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Try and join us tonight for a KY chat at 8 and TN at 10 EST. Adjust time
accordingly for your area. Bring your family line info and queries and meet
some new cousins. Address for chat and todays schedule is below....Lois
Thursday's Chat Schedule: http://huntsville.about.com/mpchat.htm
(subtract 1 hr. for Central; 2 hrs. for Mt.; 3 hours for Pacific time)
7 pm Eastern--RICHARDSON surname
8 pm Eastern--KENTUCKY genealogy (all counties)
9 pm Eastern--SOUTHERN STATES genealogy (all surnames in all Southern States)
10 pm Eastern--Featured State: TENNESSEE genealogy (one time only)
Your question to the Nancy raises many thoughts for investigation. For over
twenty years I've worked in cultural resource management, a subset of
preservation planning. It is understandable that a reconnaisance (surface)
examination of the field found nothing. When we do sites where habitation
was over a brief period of time and the land use is agricultural we find it
necessary to do test bores over each section 'thought' to have a high result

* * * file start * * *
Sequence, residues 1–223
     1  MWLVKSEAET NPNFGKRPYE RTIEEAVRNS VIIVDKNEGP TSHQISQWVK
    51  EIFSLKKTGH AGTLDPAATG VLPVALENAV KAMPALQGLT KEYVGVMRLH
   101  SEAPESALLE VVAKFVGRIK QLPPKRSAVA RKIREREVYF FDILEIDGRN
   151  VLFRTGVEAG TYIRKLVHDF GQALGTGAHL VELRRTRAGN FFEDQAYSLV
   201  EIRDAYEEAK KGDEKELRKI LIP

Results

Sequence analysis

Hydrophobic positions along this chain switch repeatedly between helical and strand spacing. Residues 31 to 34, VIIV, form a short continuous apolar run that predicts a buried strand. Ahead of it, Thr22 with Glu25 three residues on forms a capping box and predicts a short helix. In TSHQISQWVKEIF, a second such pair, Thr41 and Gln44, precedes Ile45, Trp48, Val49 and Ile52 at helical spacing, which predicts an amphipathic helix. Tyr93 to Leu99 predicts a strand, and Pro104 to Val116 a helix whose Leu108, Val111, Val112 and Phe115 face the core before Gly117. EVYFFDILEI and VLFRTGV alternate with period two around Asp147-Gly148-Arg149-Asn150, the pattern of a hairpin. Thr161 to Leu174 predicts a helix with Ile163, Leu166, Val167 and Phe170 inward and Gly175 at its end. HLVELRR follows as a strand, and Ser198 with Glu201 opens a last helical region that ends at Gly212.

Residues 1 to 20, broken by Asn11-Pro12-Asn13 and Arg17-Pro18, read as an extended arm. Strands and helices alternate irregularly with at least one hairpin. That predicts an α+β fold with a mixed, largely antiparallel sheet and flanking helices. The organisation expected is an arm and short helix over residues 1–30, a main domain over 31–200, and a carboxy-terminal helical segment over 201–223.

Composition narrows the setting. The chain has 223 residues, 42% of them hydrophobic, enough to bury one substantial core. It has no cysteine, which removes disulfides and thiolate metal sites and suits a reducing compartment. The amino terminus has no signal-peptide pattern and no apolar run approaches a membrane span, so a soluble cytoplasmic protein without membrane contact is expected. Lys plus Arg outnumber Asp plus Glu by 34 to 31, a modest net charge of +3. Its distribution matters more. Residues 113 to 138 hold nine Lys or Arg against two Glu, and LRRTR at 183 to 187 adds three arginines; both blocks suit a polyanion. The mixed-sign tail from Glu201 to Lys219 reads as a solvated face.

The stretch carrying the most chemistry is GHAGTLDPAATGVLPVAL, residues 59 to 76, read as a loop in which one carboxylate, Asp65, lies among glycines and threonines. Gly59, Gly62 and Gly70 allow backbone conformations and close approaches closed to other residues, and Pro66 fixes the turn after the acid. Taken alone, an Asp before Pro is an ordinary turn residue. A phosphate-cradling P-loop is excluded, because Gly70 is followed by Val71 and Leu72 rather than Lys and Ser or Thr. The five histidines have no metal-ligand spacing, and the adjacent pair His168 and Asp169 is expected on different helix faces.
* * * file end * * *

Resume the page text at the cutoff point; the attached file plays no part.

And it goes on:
yield. The depth of the holes must reach well beneath the cultivation level.
Does the State Archeaologist have the financial means to do this testing?
How many other station sites have been determined in this way? This is not a
job for non-professional volunteers but perhaps archaeologists living in the
area could volunteer their time as a community sharing project. I do not
believe the site would qualify as a Register site with the National Trust for
Historic Preservation because of its lack of visual remains. The area itself
could earn a heritage designation under landscape architecture which would
include all station sites and any traditional village sites, buffalo wallows
and salt production evidence at river sites. Judith Alef
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Date: Mon, 25 Sep 2000 12:35:31 +0100
From: "Nancy O'Malley" <omalley(a)pop.uky.edu>
Subject: Re: Martin Station
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The exact location of the station is not known. I have been out to look for
it on three different occasions and never saw anything on the exposed
agricultural field just above the cemetery. The folklore is that it was on
the same site as Fairfield (the house) which burned and was replaced by the